With the studs exposed now to show vistas through the house, I enjoyed discussing the renovation possibilities with Kathleen. The house is two rooms wide, four rooms deep with the single rear room centered on the width of the house. Wide wall openings define the living room off the foyer and the adjacent dining room leading to the kitchen. We both gravitated to the bay window at the front of the living room and admired the panoramic views of the surrounding stately homes and views of the river.
At the rear wall of the kitchen is an exterior door to the side porch that leads to the rear room formerly used as a bedroom. Next to the kitchen and closets behind the foyer is another room with two windows at the side wall that was also used as a bedroom. For better flow, I suggested removing the closets behind the foyer so the side room could become the dining room, opposite the kitchen. Part of the kitchen could become a breakfast area, butler pantry, or both. The rear room could either become a family room but it would be a perfect master bedroom. Kathleen said she and Patrick thought so too and they plan to add a French door between the two single windows at the rear wall overlooking a future garden or hardscape with potted plants. The rest of the floor could easily accommodate a closet and dedicated full bath for the rear room and a powder room off the foyer for guests.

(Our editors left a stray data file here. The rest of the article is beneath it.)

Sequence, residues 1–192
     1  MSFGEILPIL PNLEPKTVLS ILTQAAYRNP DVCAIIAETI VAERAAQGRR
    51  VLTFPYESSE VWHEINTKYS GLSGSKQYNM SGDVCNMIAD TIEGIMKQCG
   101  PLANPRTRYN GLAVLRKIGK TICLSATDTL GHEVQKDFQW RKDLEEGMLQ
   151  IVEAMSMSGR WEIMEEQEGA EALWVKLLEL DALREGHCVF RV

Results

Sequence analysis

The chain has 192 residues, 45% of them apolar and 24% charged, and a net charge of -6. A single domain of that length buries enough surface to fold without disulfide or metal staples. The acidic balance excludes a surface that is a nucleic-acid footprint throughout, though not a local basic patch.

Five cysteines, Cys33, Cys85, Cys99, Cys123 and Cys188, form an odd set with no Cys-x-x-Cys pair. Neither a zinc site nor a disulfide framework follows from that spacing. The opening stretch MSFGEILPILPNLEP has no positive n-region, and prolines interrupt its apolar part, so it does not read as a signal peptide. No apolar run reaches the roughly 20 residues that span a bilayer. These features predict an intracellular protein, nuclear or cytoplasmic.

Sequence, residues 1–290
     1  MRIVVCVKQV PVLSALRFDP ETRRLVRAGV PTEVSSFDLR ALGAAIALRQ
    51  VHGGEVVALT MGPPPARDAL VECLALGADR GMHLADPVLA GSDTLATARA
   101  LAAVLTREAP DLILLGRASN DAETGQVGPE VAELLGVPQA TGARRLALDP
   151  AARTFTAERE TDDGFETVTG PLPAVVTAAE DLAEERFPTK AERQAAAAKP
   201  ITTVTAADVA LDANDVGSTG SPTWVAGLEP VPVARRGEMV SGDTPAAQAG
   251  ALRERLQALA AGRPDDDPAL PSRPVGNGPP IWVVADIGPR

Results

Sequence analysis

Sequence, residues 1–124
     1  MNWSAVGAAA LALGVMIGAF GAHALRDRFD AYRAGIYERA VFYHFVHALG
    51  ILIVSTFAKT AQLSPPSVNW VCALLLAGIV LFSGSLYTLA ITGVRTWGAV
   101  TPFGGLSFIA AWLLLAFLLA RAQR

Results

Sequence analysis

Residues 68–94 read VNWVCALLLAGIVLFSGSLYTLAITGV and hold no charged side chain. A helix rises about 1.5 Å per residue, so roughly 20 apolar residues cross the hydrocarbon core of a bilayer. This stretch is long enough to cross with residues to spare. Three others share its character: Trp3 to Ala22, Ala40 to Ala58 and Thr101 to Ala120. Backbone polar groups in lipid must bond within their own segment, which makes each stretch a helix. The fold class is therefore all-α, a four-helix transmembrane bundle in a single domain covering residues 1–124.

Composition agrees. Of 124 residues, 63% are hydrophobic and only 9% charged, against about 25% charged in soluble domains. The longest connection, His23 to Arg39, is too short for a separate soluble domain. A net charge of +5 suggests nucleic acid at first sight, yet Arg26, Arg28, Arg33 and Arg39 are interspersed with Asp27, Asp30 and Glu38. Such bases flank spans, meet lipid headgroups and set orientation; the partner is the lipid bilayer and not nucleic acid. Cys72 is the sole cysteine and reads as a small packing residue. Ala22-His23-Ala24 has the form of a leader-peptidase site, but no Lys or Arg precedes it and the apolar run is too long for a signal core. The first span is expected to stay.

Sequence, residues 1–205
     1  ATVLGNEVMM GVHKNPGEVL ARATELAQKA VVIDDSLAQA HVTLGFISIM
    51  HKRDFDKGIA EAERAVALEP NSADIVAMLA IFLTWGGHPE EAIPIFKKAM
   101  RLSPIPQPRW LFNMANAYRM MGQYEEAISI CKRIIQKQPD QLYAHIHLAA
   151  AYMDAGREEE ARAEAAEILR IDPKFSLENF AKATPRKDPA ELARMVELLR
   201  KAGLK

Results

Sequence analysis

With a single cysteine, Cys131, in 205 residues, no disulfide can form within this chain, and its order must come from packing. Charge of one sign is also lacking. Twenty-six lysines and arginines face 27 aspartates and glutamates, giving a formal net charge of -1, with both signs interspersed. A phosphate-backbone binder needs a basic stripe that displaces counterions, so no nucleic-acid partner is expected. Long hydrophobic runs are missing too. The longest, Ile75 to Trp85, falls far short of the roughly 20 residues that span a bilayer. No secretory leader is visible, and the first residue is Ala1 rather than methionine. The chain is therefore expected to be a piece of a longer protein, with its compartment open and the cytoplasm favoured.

The second floor has four rooms along the front and side of the house opposite the hall next to the stairs and bath. Since this is a corner lot, there are unobstructed views of the streetscape and the river. The front bedroom with the bay projection would be another option for the primary bedroom with the bed set into a deep alcove for views of the water. The second bedroom could become the primary bath and closets for the primary bedroom. The side and rear bedroom could share the hall bath with a “Jack and Jill” layout.
The boxy form of the mansard roof maximizes the extent of the third floor’s useable space. This part of the original house offers myriad possible uses-office, teen room, storage, etc. I recommended to Kathleen that she and Patrick include stacked closets in their final layout so an elevator could be installed in the future, which could be an appealing selling point.
With the former asbestos siding removed, the siding is in good shape and ready for minor patching, sanding, paint and new shutters. I am especially looking forward to touring the finished house to report on its “after” state that will be fully renovated and move-in ready!
For more information about this property, contact Patrick Jones or Kathleen Jones at 410-708-2534 or firstname.lastname@example.org.
Jennifer Martella has pursued her dual careers in architecture and real estate since she moved to the Eastern Shore in 2004. Her award winning work has ranged from revitalization projects to a collaboration with the Maya Lin Studio for the Children’s Defense Fund’s corporate retreat in her home state of Tennessee.